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Epigenetic features of the mouse trophoblast.
MedLine Citation:
PMID:  22578826     Owner:  NLM     Status:  Publisher    
Abstract/OtherAbstract:
Trophoblast cells are required for the growth and survival of the fetus during pregnancy, and failure to maintain appropriate trophoblast regulation is associated with placental insufficiencies and intrauterine growth restriction. Development of the trophoblast lineage is mediated by interactions between genetic and epigenetic factors. This review will focus on new insights that have been gained from analysis of mouse models into the epigenetic mechanisms that are required for the early establishment of the trophoblast lineage and for the development of specialized cell types of the fetal placenta. In particular, the importance of DNA methylation, 5-hydroxymethylcytosine and histone modifications in orchestrating trophoblast gene expression and functional outcome will be discussed. These insights are beginning to be extended towards human studies and initial results suggest that the causes and consequences of a variety of placental pathologies are related to epigenetic processes. Furthermore, the epigenetic landscape that regulates trophoblast cells seems to be particularly vulnerable to perturbation during development. This has major implications for diet and other environmental factors during pregnancy. The placenta is required for the growth and survival of the fetus during pregnancy. Placental insufficiencies, including pre-eclampsia and intrauterine growth restriction, occur in ∼10% of pregnancies and are associated with serious complications for mother and baby. Better understanding of how the placenta is formed is critical for the development of early diagnoses and therapies for treatment. Studies of animal models have revealed several critical pathways that are required for the proper development and function of the placenta. In particular, epigenetic processes, which determine how genes are switched on and off, are necessary for the early establishment of the placental lineage and also for the development of specialized cell types within the mature placenta. These crucial and recent insights form the basis for this review. Importantly, much of our understanding gleaned from animal models are now beginning to be extended towards human studies. Initial results suggest that the causes and consequences of a variety of placental pathologies are related to epigenetic pathways. As epigenetic processes can be susceptible to alterations by environmental factors, these studies have major implications for diet and other external influences during pregnancy.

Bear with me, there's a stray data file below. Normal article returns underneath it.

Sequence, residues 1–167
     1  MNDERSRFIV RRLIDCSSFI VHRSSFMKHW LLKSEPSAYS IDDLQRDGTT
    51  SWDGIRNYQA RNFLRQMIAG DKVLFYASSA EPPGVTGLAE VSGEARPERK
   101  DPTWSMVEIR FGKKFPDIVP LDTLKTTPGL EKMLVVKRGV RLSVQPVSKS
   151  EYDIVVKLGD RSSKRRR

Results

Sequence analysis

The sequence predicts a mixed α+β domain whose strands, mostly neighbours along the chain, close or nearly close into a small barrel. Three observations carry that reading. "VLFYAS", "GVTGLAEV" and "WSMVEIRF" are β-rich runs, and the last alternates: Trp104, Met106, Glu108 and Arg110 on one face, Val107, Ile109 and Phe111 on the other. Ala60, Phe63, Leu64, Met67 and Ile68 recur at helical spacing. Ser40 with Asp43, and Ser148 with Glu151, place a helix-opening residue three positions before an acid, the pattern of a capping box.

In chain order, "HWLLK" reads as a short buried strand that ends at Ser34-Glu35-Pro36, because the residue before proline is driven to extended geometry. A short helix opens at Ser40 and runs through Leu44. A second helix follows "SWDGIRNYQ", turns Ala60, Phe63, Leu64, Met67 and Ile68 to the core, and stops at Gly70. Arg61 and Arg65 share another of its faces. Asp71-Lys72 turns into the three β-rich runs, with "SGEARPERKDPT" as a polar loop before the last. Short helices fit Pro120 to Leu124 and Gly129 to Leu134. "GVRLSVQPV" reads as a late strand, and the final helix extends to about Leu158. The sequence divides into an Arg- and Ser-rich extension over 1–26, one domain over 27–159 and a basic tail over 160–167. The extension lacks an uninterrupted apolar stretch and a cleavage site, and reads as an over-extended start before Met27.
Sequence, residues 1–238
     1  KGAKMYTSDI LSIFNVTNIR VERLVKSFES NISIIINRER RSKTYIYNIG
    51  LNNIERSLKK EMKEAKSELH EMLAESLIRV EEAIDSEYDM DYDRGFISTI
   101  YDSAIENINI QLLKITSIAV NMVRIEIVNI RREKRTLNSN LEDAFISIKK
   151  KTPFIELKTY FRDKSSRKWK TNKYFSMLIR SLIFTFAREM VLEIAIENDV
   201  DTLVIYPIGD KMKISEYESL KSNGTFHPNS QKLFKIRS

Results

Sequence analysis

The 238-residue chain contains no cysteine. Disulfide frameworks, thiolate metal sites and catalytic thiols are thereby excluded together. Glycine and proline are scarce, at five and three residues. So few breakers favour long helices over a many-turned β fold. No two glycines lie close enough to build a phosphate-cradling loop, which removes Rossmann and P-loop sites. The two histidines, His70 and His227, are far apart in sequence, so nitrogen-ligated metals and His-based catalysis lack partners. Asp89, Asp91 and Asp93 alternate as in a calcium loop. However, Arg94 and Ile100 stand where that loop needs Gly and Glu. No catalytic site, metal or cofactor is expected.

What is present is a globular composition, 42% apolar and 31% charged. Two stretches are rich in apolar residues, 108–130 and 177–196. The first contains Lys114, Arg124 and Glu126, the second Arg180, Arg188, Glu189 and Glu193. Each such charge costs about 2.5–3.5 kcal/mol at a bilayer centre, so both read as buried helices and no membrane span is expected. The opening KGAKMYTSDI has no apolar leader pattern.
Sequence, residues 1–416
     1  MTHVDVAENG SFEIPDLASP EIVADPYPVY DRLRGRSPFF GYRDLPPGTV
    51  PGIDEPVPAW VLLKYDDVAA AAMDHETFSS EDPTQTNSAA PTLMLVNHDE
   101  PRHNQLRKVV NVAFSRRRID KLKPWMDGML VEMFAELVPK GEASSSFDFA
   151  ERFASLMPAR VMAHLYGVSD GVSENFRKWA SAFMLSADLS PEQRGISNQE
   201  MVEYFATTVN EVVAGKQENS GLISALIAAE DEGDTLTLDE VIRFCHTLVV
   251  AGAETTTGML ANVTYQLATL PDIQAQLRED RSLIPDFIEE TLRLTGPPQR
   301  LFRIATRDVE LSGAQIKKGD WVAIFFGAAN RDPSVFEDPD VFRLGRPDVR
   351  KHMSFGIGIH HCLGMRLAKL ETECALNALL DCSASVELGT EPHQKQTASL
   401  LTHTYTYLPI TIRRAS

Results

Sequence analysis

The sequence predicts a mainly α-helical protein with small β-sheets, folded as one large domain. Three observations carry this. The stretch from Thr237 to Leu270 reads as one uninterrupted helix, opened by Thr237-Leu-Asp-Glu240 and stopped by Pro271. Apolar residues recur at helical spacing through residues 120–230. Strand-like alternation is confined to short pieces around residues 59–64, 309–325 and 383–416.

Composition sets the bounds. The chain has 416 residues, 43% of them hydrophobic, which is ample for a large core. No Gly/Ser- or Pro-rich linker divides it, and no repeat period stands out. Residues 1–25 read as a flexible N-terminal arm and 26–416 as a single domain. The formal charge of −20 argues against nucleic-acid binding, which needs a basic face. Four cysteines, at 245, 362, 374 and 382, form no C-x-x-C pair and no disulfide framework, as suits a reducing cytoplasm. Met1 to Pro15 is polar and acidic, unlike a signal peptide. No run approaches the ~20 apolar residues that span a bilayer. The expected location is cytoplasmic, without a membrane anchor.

Authors:
Peter J Rugg-Gunn
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Publication Detail:
Type:  JOURNAL ARTICLE     Date:  2012-1-25
Journal Detail:
Title:  Reproductive biomedicine online     Volume:  -     ISSN:  1472-6491     ISO Abbreviation:  -     Publication Date:  2012 Jan 
Date Detail:
Created Date:  2012-5-14     Completed Date:  -     Revised Date:  -    
Medline Journal Info:
Nlm Unique ID:  101122473     Medline TA:  Reprod Biomed Online     Country:  -    
Other Details:
Languages:  ENG     Pagination:  -     Citation Subset:  -    
Copyright Information:
Copyright © 2012 Reproductive Healthcare Ltd. Published by Elsevier Ltd. All rights reserved.
Affiliation:
Epigenetics Programme, The Babraham Institute, Babraham Research Campus, Cambridge CB22 3AT, UK; Centre for Trophoblast Research, University of Cambridge, Downing Street, Cambridge CB2 3EG, UK.
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